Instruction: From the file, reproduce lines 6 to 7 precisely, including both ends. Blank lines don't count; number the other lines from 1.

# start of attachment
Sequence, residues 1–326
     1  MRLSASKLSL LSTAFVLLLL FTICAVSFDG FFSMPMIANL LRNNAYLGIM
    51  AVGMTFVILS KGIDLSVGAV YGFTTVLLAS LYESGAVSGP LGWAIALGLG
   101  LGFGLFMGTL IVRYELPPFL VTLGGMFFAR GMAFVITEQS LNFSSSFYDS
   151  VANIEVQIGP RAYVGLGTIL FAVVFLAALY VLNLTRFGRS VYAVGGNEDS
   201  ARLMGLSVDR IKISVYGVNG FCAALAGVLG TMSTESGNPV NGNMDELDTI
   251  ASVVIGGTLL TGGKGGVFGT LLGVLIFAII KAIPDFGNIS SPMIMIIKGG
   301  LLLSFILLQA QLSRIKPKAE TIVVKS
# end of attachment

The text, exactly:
   201  ARLMGLSVDR IKISVYGVNG FCAALAGVLG TMSTESGNPV NGNMDELDTI
   251  ASVVIGGTLL TGGKGGVFGT LLGVLIFAII KAIPDFGNIS SPMIMIIKGG